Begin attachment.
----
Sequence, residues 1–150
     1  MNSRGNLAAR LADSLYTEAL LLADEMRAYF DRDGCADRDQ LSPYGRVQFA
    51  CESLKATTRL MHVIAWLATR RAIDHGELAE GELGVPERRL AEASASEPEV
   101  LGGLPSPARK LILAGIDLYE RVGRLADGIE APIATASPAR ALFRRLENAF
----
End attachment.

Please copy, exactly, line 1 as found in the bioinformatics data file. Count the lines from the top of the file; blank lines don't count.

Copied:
Sequence, residues 1–150